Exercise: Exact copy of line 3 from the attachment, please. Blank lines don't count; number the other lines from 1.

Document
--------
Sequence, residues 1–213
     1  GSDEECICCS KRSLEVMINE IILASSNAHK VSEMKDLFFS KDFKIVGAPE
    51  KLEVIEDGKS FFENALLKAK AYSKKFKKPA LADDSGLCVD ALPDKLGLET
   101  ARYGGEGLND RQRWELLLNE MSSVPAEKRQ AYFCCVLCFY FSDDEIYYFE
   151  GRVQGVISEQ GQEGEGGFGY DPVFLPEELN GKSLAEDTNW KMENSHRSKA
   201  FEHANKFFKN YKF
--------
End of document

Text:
    51  KLEVIEDGKS FFENALLKAK AYSKKFKKPA LADDSGLCVD ALPDKLGLET